TRADE union UNISON has hit out at Sussex Police’s decision to cut 1,000 jobs by 2020, as a result of Government spending cuts.
The figures, which were released last Tuesday, revealed that front-line posts are among those under threat. Sussex Police has indicated that there will be 700 fewer officers and support staff, with another 300 staff to go from elsewhere in the force.
Andy Stenning, UNISON branch secretary for Sussex Police, said: “Whilst we have sympathy with the situation Sussex Police find themselves in as a result of Government-imposed cut backs, UNISON is opposed to these plans and will continue to fight to protect jobs and services.
“The force has partnered with an outside contractor to draw up these proposals – at a cost of £500,000 so far, with further costs to come. These proposals are not driven by the desire to improve and enhance the service the force provides to the people of Sussex, and will mean a marked reduction in service.
“This will reduce the workforce beyond a safe margin and lead to a serious and fundamental loss of service. It will also have a huge impact on the health and wellbeing of our members as they struggle with excessive workloads and try hard to continue to serve the people of our communities.
“The majority of these cuts will focus on neighbourhood policing, with the loss of a number of PCSO posts. Frontline policing needs to be protected and we need to ensure it is rooted in our communities.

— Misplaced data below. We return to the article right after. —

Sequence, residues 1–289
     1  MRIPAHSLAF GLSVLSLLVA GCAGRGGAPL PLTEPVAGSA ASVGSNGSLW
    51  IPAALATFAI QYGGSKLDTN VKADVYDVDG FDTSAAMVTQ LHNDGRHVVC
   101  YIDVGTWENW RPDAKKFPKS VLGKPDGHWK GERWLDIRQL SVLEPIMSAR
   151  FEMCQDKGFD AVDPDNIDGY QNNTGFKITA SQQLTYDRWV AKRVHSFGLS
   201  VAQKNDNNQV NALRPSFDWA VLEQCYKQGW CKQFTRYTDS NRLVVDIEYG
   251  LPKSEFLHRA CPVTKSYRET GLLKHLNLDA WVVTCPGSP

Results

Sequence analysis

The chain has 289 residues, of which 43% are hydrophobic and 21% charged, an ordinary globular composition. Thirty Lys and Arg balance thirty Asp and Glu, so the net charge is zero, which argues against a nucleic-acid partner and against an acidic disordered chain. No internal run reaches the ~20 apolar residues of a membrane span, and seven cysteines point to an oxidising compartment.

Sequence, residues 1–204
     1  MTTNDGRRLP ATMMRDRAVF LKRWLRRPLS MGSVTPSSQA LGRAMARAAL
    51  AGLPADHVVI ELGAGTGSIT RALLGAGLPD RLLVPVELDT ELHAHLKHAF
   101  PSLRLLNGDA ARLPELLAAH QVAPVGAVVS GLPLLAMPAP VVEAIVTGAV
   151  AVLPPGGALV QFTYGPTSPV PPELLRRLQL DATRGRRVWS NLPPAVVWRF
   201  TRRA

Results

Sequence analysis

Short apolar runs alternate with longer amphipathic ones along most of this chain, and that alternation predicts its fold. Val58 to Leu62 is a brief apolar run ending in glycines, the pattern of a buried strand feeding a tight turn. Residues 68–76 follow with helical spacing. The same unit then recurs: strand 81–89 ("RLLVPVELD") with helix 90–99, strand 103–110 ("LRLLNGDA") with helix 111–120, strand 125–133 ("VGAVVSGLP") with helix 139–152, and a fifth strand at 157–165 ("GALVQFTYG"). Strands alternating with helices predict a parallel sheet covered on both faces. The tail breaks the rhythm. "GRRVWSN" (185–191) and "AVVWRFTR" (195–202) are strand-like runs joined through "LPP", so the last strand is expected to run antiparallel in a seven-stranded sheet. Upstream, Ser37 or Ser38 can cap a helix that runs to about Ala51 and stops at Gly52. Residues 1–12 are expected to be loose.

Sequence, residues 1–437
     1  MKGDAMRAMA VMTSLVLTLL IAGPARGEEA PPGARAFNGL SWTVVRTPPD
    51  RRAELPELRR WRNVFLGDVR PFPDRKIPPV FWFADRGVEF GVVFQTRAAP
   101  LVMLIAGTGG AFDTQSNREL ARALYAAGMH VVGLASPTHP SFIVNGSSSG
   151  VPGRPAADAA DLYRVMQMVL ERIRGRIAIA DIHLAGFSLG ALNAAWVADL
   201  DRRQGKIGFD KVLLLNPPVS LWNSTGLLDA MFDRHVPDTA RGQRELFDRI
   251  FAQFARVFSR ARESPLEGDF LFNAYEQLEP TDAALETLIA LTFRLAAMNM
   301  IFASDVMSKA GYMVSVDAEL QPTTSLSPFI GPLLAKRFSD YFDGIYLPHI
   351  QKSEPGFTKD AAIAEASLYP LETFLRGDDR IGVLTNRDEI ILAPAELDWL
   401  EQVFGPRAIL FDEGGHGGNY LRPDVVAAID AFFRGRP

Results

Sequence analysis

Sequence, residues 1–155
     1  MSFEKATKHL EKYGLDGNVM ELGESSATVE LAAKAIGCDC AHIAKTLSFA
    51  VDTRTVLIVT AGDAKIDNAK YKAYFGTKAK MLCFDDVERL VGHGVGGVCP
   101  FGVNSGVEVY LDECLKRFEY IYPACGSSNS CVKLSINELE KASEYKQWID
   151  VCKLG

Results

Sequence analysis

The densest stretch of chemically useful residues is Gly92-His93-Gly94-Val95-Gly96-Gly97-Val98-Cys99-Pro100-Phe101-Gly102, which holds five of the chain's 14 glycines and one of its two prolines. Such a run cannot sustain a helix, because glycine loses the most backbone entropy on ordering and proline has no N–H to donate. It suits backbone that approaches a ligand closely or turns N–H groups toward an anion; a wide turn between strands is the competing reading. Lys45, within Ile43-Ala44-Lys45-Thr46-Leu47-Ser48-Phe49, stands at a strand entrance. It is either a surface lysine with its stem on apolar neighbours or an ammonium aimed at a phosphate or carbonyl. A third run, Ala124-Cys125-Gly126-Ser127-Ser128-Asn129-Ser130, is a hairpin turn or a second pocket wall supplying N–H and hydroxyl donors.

“Policing must be supported both financially and through proper and informed debate in our communities.”
He said UNISON supported replacing Police and Crime Commissioners with an elected Police Committee representative of the communities it serves and added that the union would continue to work closely with Sussex Police to ensure communities were safe and properly resourced.
Over the past five years, Sussex Police has had to make savings of £50million. This latest round of cuts will focus solely on jobs in an effort to save another £56million over the next five years, according to UNISON.
Sussex Police said the aim of the changes was to deliver policing more efficiently by embracing technology and multi-agency working, reducing costs and engaging with the public.
The decision to partner with Deloitte to draw up the proposals was taken because of the ‘size and scale of the task’.
A spokesman said: “Examining every aspect of our business and all within three months, meant that we simply had neither the inhouse skills nor the necessary methods to deliver this project on our own.
“Learning lessons from previous projects, we decided to invest in external experts to support our internal team, accelerate their work and to ensure a rigorous and high quality outcome.”
The force is also adamant it will retain a visible presence within the community.
“Our prevention, response and investigation teams will all be active within neighbourhoods across Sussex.
“Public safety is still our absolute priority. We have protected our response teams so that you can be assured that in times of need we will be there.”